Taylor agreed: “In Europe, the difference is very small now, from what I understand, between organic and conventional [in terms of] respect for the soil and, just like you said, the different tools you use and the way you go about it.”
Not mincing any words, Bjorn said, “Our best organic growers are our best growers. Period.” He noted that the lack of conventional ag tools forces organic farmers to be more vigilant. “[They’ve] really got to pay attention, and it just makes them better growers,” he said. “And so, yeah, for sure, they take that back to their conventional practices. And so you see a lot more blending.”
In a particularly lively part of the discussion, the three leaders talked about the rise of indoor growing operations as a potential threat to organic market share.
“The coming competition to organic is indoor grown—whether it’s greenhouse or vertical farming—and the attraction there is local,” said Taylor. “You’ve got this huge amount of capital going into building greenhouses around the United States. And there’s no organic protocol. … There’s no standards that they need to adhere to. It’s just they go to market as local, and the consumer prefers local over organic. … And so that’s just something to keep our eyes on.”
Bjorn agreed, adding, “We [at Driscoll’s] obviously look at it as an opportunity because we have put some money into it. … We recently announced that we are doing a partnership with Plenty, an indoor farming company out of San Francisco. … When you look at the economics of indoor farming, you have these drivers—just like you have when you’re farming outdoors—the drivers of the economics. And so obviously transportation is a big, big factor, right? So in leafy greens, sometimes the freight is more than the leafy greens. But if you eliminate the freight, we [save] that money.”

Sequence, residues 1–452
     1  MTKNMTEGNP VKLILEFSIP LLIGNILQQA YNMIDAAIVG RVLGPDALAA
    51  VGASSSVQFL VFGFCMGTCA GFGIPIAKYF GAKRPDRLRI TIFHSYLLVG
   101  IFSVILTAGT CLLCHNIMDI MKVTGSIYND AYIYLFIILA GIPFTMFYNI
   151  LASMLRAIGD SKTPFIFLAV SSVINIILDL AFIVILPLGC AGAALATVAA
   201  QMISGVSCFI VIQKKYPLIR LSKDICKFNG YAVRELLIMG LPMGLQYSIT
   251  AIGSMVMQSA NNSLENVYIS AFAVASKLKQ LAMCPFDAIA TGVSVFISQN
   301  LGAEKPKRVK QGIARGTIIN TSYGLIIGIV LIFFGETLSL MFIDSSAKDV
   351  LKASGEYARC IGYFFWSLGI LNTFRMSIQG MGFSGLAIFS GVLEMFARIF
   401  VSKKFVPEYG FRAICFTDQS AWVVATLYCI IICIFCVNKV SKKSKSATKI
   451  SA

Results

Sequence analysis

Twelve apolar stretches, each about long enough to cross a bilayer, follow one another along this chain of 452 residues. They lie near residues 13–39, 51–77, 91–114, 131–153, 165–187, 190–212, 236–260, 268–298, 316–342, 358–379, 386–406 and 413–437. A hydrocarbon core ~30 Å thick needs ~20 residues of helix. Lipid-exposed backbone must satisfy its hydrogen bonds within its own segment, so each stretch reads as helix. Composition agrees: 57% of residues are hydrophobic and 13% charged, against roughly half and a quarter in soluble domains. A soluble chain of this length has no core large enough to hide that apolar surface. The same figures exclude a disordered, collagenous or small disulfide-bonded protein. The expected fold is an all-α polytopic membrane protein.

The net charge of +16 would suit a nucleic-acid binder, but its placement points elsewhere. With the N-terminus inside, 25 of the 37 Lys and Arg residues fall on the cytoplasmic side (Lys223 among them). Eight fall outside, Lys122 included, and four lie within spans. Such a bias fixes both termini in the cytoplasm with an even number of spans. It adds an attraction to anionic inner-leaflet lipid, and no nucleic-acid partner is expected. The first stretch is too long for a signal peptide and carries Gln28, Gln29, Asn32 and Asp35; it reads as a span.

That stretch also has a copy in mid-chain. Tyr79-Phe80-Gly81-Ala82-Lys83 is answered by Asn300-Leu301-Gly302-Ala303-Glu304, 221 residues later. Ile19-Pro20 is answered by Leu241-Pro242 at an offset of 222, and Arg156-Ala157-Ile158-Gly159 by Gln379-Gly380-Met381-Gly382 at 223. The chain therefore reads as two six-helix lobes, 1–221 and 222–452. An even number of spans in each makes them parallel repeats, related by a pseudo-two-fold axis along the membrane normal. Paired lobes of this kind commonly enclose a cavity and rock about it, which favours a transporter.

Bjorn went on to share that Driscoll’s had to start chartering planes to get its berries to the Middle East when passenger flights dropped off due to the coronavirus. He said the freight has become so expensive that building an indoor farm in the region now seems like a cost-effective endeavor. Bjorn also cited oil costs (which have the potential to rise), organic regulations, and the risk of bacterial contamination as other reasons why indoor farming might be a more economical choice.
Bjorn said the main reasons consumers buy organics is because they are pesticide free and are perceived as more likely to be local. “Well, indoor farming addresses both of those issues because it will be super local—you can stick the farm right next to where all the people are. … And you don’t use any pesticides inside. So the very thing that makes organics such an attractive business, the indoor farming actually addresses.”
Smith expressed some skepticism about the economic viability of indoor farming. “I’m biased because I do a lot of growing in Western soils. And I look at [indoor farming], and I just can’t see in the next 20 years how they’re going to beat the efficiency factor that we have,” he said, citing electric trucks as an answer to any future spike in oil price.
Puglia wrapped up the session with a lightning round, asking the three leaders if they were bullish or bearish on organics 10–20 years from now.
“I’m bullish,” said Smith. “But I expect that we’re going to have to get better and better as producers of organic. I think we’re going to have to be very nimble and react to consumer expectations.”
Taylor shared that he was “cautiously optimistic,” citing an increase in consumption by the younger generation as his reason for optimism and the consumer’s penchant for flavor as his reason for caution. “To the extent … the organic industry can produce product that tastes great, [it’ll] thrive,” he said. “But [it is] threatened by others that are pushing the taste envelope and the quality characteristics.”
“I’m definitely bullish,” said Bjorn without hesitation. “I think this is where consumers want to go. And it’s always good advice to follow the consumer if you want to be in business.”